held an inscription, and which, according to the practice of the
Romans, were often composed of single letters of bronze. _Mons. Seguier_
therefore erected scaffolding, and took off on paper the distances and
situation of the several holes, and after nicely examining the
disposition of them, and being assisted by a few faint traces of some of
the letters, which had been impressed on the stones, brought forth, to
the full satisfaction of every body, the original inscription, which
was laid before _l'Academie des Inscriptions & de Belles Lettres de
Paris_ of which he is a member, and from whom he received their public
thanks; having unanimously agreed that there was not a doubt remained
but that he had produced the true reading: which is as follows:

+ - - - - - - - - - - - - - - - - - - - - - - - - -+
| |
+ - - - - - - - - - - - - - - - - - - - - - - - - -+

The _Maison Carree_ is not however, quite square, being something more
in length than breadth; it is eighty-two feet long and thirty-seven and
a half high, exclusive of the square socle on which it stands, and which
is, at this time, six feet above the surface; it is divided into two
parts, one enclosed, the other open; the facade is adorned with six
fluted pillars of the Corinthian order, and the cornice and front are
decorated with all the beauties of architecture. The frize is quite
plain, and without any of those bas-reliefs or ornaments which are on
the sides, where the foliage of the olive leaf is exquisitely finished.
On each side over the door, which opens into the enclosed part, two
large stones, like the but-ends of joists, project about three feet, and
these stones are pierced through with two large mortices, six inches
long, and three wide; they are a striking blemish, and must therefore
have been fixed, for some very necessary purpose - for what, I will not
risque my opinion; it is enough to have mentioned them to you. As to the
inside, little need be said; but, that, being now consecrated to the
service of GOD, and the use of the order of _Augustines_, it is filled
up with altars, _ex votos_, statues, &c. but such as we may reasonably
conclude, have not, exclusive of a religious consideration, all those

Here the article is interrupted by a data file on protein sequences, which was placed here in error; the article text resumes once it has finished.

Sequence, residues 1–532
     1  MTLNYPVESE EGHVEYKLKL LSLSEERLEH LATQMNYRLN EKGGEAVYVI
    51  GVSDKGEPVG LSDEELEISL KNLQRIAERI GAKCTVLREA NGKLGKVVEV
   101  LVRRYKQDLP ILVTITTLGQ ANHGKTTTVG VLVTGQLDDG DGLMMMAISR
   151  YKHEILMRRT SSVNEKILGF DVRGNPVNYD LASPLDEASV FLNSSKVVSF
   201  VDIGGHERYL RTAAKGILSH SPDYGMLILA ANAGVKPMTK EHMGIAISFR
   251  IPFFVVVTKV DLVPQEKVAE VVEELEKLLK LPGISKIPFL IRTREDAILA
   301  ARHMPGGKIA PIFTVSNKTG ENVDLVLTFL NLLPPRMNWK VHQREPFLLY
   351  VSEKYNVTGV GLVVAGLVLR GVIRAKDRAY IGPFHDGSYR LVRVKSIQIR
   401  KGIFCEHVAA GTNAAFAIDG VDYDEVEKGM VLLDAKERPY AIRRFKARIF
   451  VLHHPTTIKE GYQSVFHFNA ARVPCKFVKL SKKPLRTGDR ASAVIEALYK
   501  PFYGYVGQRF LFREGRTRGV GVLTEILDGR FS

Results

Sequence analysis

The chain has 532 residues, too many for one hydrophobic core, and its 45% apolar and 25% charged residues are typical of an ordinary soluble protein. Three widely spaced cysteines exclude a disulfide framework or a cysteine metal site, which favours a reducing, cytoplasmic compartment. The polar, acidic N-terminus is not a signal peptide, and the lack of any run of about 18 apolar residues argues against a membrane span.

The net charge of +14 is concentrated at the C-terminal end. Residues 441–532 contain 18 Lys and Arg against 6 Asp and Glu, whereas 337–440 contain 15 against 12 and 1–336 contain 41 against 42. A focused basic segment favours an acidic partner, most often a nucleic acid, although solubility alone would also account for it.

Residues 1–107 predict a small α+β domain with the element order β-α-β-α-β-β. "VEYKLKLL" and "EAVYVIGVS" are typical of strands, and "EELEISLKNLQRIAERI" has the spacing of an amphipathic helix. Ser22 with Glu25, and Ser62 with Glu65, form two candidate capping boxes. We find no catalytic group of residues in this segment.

beauties which were once placed within a Temple, the outward structure
of which was so highly finished.

Truth and concern compel me to conclude this account of the _Maison
Carree_, in lamenting, that the inhabitants of Nismes (who are in
general a very respectable body of people) suffer this noble edifice to
be defiled by every species of filth that poverty and neglect can
occasion. The approach to it is through an old ragged kind of barn door:
it is surrounded with mean houses, and disgraced on every side with
filth, and the _offerings_ of the nearest inhabitants. I know not any
part of London but what would be a better situation for it, than where
it now stands: I will not except even Rag-fair, nor Hockly in the Hole.



The state in which that once-superb edifice, the Temple of Diana, now
appears; with concern, I perceived that there remains only enough to
give the spectator an idea of its former beauty; for though the roof has
been broken down, and every part of it so wantonly abused yet enough
remains, within, and without, to bear testimony that it was built, not
only by the greatest architect, but enriched also by the hands of other
great artists: indeed, the mason's work alone is, at this day,
wonderful; for the stones with which it is built, and which are very
large, are so truly worked, and artfully laid, without either cement or
mortar, that many of the joints are scarce visible; nor is it possible
to put the point of a penknife between those which are most open. This
Temple too is, like the _Maison Carree_, shut up by an old barn-door: a
man, however, attends to open it; where, upon entering, you will find a
striking picture of the folly of all human grandeur; for the area is